[FOUNTAIN]Marketing can be fun, but life is life

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[FOUNTAIN]Marketing can be fun, but life is life

The drama “My Name is Kim Sam-soon” has become a national hit. The first drama to break the 40-percent mark for television ratings this year, its success is due to non-stop fun. Producer Lee Byeong-hun, who directed “Daejanggeum,” a popular TV drama about a female cook at the Joseon royal court, defined the requirements for a popular drama as the one with enjoyment, humor and brightness. According to Mr. Lee, “My Name is Kim Sam-soon” meets those conditions. Also, actress Kim Sun-ah, who put on seven kilograms (16 pounds) for the part, displays great talent.
The Press Grand Prix in last year’s Cannes International Advertising Festival went to the “Cops” ad for Volkswagen’s compact vehicle “Polo.” It has an entertaining theme where 10 large policemen reject bigger vehicles at the site of an accident and hide behind the smaller and more durable Polo.
Recently there have been some domestic companies that have introduced “fun management,” but the origin comes from Southwest Airlines. Chief Executive Herb Kelleher occasionally appears at official events on a motorcycle dressed like Elvis Presley. Employees hide in the baggage compartments and then suddenly greet the passenger, saying “Surprise!” Even its in-flight broadcast jokes, “While smoking is not allowed aboard the aircraft, there is one place where you can smoke. Outside on the wings.”
Through adapting fun in its everyday operations, Southwest Airlines has never recorded a deficit since its establishment in 1971. In his 1999 book “Doing it Different,” English business management specialist David Clutterbuck chooses “fun management” as the topic of tomorrow with the example of Southwest.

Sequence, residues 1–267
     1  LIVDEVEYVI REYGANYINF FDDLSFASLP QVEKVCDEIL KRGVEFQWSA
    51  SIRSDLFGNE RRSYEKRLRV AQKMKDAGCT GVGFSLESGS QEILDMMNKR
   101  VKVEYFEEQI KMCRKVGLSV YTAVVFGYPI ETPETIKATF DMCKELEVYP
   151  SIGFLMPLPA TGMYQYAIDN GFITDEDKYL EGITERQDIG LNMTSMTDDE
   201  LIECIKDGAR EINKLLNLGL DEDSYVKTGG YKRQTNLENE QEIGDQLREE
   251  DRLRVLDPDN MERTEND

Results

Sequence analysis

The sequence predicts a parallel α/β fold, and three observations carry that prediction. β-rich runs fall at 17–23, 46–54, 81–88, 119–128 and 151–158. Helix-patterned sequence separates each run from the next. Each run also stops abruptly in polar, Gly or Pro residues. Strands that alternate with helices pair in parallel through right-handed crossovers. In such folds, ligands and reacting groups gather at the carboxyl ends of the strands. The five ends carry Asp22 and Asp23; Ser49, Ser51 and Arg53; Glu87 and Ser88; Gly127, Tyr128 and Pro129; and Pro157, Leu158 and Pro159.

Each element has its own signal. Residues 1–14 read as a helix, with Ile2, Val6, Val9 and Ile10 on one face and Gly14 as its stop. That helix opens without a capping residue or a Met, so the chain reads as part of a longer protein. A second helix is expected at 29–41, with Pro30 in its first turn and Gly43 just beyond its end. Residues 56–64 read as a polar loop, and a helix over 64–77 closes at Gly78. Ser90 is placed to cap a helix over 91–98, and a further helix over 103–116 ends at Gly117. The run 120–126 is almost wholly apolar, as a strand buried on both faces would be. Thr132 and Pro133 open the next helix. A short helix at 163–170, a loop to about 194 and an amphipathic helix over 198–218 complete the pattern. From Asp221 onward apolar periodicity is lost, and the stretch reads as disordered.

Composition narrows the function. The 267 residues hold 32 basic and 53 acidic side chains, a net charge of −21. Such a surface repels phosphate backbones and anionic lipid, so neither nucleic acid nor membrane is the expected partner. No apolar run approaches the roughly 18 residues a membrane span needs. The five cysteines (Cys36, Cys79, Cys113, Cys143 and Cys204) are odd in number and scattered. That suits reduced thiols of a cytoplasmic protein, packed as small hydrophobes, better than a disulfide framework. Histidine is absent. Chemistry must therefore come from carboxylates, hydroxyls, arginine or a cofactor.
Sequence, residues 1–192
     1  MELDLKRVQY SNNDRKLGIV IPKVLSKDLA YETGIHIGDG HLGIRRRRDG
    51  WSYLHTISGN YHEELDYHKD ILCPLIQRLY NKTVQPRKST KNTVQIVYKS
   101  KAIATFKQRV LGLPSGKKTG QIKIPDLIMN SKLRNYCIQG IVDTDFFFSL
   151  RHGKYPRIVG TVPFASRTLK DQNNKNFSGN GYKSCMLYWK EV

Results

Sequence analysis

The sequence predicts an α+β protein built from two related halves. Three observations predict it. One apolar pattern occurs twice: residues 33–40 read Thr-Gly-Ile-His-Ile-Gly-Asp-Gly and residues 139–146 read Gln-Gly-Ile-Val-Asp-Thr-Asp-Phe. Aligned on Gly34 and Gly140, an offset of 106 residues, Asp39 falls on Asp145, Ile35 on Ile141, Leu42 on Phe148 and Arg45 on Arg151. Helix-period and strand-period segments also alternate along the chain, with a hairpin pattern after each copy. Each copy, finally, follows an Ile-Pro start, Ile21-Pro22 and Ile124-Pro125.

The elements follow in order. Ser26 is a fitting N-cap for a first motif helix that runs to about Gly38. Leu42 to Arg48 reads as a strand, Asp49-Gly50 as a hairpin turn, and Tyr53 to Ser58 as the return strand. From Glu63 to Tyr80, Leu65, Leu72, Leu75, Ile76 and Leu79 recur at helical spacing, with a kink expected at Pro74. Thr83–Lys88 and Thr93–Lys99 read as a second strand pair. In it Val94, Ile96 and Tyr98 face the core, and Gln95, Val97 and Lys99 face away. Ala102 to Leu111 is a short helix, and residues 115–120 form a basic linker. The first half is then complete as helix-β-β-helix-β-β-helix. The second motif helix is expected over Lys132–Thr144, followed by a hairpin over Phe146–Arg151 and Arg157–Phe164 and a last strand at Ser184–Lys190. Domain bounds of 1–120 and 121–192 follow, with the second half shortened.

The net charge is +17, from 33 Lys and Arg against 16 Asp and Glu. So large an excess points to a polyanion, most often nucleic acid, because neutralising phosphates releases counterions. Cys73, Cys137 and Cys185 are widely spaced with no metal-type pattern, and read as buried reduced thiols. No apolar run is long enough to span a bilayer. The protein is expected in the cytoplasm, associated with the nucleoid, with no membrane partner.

Back in 2002, an “Ohno toilet paper” won popularity in Korea with “fun marketing.” The idea of printing the face of Apolo Anton Ohno, who some thought unfairly took gold at the Salt Lake Winter Olympics, on toilet paper and to use it after taking care of business in the restroom reached customers.
With the popularity of “fun” continuing to rise, IF Network, a trend-consulting firm, chose “funology” as the trend to lead next year. “Funology” is a compound word of fun and technology.
Sushi-shaped USB memory sticks and fork-shaped back scratchers are just the type of products that fit the term. “The demand for fun increases as competition becomes fiercer and the negative side of society becomes stronger,” according to Cho Eun-jeong of Samsung Electronics’ Global Marketing Department.
It seems that all the fun in marketing, advertisements and dramas doesn’t mean that the world we live in is fun.

by Yi Jung-jae

The writer is a deputy business news editor of the JoongAng Ilbo.
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